Background: The baseline coronary plaque burden is the most important factor for rapid plaque progression (RPP) in the coronary artery. However, data on the independent predictors of RPP in the absence of a baseline coronary plaque burden are limited. Thus, this study aimed to investigate the predictors for RPP in patients without coronary plaques on baseline coronary computed tomography angiography (CCTA) images. Methods: A total of 402 patients (mean age: 57.6 ± 10.0 years, 49.3% men) without coronary plaques at baseline who underwent serial coronary CCTA were identified from the Progression of Atherosclerotic Plaque Determined by Computed Tomographic Angiography Imaging (PARADIGM) registry and included in this retrospective study. RPP was defined as an annual change of ≥ 1.0%/year in the percentage atheroma volume (PAV). Results: During a median inter-scan period of 3.6 years (interquartile range: 2.7–5.0 years), newly developed coronary plaques and RPP were observed in 35.6% and 4.2% of the patients, respectively. The baseline traditional risk factors, i.e., advanced age (≥ 60 years), male sex, hypertension, diabetes mellitus, hyperlipidemia, obesity, and current smoking status, were not significantly associated with the risk of RPP. Multivariate linear regression analysis showed that the serum hemoglobin A1c level (per 1% increase) measured at follow-up CCTA was independently associated with the annual change in the PAV (β: 0.098, 95% confidence interval [CI]: 0.048–0.149; P < 0.001). The multiple logistic regression models showed that the serum hemoglobin A1c level had an independent and positive association with the risk of RPP. The optimal predictive cut-off value of the hemoglobin A1c level for RPP was 7.05% (sensitivity: 80.0%, specificity: 86.7%; area under curve: 0.816 [95% CI: 0.574–0.999]; P = 0.017). Conclusion: In this retrospective case–control study, the glycemic control status was strongly associated with the risk of RPP in patients without a baseline coronary plaque burden. This suggests that regular monitoring of the glycemic control status might be helpful for preventing the rapid progression of coronary atherosclerosis irrespective of the baseline risk factors. Further randomized investigations are necessary to confirm the results of our study. Trial registration: ClinicalTrials.gov NCT02803411.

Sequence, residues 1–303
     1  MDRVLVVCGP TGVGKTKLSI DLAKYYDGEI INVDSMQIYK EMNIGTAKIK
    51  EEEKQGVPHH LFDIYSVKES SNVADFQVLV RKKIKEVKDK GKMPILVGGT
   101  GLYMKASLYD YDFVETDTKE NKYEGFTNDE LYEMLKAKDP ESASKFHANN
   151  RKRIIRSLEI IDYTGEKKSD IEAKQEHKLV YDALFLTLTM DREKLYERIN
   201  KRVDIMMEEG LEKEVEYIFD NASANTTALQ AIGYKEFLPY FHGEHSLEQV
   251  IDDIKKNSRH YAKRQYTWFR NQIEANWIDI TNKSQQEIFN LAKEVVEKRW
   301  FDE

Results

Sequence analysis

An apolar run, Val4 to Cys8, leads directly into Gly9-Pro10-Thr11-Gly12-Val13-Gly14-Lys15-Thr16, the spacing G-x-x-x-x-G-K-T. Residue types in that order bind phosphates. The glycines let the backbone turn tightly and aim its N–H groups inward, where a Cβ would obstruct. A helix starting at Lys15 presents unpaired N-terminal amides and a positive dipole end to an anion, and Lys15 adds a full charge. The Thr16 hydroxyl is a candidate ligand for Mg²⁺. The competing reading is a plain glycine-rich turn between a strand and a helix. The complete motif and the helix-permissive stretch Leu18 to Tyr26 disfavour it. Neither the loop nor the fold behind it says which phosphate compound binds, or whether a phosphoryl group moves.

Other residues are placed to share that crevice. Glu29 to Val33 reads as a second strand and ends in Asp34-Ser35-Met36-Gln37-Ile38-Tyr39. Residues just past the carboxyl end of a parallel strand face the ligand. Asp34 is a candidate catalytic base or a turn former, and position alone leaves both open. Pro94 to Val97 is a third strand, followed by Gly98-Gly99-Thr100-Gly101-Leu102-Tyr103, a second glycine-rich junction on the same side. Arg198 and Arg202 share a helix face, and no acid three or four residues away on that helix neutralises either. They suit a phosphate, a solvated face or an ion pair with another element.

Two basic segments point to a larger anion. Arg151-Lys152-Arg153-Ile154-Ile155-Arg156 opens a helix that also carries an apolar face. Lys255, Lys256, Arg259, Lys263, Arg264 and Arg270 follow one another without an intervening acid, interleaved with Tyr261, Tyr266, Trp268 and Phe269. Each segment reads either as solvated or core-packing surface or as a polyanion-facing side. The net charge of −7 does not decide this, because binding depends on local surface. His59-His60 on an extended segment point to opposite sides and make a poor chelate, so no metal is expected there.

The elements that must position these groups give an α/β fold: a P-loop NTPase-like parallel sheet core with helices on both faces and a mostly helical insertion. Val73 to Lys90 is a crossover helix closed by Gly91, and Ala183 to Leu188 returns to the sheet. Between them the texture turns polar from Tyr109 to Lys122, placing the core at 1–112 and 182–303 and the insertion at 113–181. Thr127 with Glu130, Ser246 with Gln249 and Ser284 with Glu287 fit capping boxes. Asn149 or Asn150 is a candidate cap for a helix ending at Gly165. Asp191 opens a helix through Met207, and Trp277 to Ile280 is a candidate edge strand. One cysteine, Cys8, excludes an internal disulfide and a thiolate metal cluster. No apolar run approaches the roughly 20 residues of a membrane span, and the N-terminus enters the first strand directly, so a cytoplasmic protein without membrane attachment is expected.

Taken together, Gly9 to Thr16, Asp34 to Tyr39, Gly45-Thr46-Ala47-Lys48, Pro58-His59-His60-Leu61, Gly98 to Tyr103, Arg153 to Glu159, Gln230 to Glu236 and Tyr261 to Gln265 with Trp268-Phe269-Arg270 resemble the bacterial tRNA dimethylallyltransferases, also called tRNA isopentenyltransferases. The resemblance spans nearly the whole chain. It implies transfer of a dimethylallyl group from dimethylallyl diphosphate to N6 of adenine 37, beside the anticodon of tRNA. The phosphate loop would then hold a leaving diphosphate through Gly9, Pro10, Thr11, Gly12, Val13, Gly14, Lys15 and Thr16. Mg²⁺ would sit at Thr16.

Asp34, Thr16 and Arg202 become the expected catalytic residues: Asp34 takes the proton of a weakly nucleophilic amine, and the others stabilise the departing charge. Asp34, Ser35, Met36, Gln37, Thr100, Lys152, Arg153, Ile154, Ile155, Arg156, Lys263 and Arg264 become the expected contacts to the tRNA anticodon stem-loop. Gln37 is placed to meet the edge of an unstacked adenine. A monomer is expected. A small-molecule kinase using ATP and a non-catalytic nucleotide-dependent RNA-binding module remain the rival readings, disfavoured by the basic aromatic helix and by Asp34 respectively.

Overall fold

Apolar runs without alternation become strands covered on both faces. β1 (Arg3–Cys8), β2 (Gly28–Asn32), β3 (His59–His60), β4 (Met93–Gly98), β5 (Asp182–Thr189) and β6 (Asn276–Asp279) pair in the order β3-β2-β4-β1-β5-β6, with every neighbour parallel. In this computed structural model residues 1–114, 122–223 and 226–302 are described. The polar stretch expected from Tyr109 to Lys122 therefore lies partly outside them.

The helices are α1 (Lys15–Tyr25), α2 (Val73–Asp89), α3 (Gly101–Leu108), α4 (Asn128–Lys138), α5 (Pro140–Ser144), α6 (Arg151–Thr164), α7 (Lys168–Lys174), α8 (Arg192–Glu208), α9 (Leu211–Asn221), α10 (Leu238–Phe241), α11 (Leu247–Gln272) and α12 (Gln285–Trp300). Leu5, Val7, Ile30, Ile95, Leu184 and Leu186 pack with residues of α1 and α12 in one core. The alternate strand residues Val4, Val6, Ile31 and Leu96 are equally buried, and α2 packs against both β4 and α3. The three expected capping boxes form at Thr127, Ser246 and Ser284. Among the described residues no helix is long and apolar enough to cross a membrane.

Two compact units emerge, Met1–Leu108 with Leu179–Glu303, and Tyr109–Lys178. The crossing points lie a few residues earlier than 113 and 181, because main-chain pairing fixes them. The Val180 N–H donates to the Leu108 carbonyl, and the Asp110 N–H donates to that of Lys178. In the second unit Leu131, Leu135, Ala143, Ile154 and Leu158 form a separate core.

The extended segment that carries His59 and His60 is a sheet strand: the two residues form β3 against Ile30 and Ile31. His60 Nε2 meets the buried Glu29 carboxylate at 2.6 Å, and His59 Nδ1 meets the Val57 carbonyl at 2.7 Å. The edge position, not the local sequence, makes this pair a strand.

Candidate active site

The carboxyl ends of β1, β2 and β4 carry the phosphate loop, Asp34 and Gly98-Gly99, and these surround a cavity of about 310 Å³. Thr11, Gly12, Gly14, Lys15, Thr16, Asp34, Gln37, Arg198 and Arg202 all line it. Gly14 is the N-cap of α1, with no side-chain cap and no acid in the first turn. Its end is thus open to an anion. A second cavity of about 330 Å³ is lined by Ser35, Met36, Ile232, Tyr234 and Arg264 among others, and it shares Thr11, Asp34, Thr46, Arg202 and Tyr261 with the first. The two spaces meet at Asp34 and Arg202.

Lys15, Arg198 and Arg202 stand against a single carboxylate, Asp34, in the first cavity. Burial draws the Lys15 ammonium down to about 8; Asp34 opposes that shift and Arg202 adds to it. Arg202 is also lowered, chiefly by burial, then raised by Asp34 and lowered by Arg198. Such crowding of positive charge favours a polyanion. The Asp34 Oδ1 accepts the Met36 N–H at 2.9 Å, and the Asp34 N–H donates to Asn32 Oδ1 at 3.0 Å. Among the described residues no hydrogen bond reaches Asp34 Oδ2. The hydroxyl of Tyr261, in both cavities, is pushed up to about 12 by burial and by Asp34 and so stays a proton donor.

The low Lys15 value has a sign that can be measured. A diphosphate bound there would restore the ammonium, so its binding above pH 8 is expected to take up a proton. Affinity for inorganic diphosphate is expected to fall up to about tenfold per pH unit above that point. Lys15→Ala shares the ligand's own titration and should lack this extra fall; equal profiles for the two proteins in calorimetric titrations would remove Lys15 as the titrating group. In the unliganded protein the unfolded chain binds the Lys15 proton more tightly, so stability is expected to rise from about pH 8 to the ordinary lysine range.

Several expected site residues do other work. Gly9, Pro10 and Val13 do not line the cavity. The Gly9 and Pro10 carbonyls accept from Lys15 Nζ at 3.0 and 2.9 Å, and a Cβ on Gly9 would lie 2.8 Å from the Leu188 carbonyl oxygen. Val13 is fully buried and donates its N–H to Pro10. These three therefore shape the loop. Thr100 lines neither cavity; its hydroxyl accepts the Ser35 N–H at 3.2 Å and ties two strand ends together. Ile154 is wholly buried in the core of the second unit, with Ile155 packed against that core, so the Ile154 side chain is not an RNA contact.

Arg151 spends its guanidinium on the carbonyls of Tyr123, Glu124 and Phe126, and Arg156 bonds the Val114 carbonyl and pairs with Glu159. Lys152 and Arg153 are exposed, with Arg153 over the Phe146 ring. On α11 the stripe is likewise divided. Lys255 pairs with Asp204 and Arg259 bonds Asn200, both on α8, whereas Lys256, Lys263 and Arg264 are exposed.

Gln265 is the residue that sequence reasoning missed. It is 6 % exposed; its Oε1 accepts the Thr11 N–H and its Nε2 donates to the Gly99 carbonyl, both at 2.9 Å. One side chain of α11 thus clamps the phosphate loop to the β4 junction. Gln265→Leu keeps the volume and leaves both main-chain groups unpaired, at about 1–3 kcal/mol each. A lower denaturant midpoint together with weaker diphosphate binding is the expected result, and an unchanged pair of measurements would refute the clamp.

|Publication status||Published - 2022 Dec|
Bibliographical noteFunding Information:
Dr. Jonathon A. Leipsic serves as a consultant and has stock options in HeartFlow and Circle Cardiovascular Imaging; he also receives grant support from GE Healthcare and speaking fees from Philips. Dr. Habib Samady has an equity interest in Covanos. Dr. Daniel Berman receives software royalties from Cedars-Sinai Medical Center. Dr. James K. Min receives funding from the Dalio Foundation, National Institutes of Health, and GE Healthcare. Dr. Min serves on the scientific advisory board of Arineta and GE Healthcare and has an equity interest in Cleerly. All other authors declare that they have no competing interests.
This work was supported by the Korea Medical Device Development Fund grant funded by the Korean government (Ministry of Science and ICT; Ministry of Trade, Industry and Energy; Ministry of Health & Welfare, Republic of Korea; and Ministry of Food and Drug Safety; Project Number: 202016B02).
© 2022, The Author(s).
All Science Journal Classification (ASJC) codes
- Internal Medicine
- Endocrinology, Diabetes and Metabolism
- Cardiology and Cardiovascular Medicine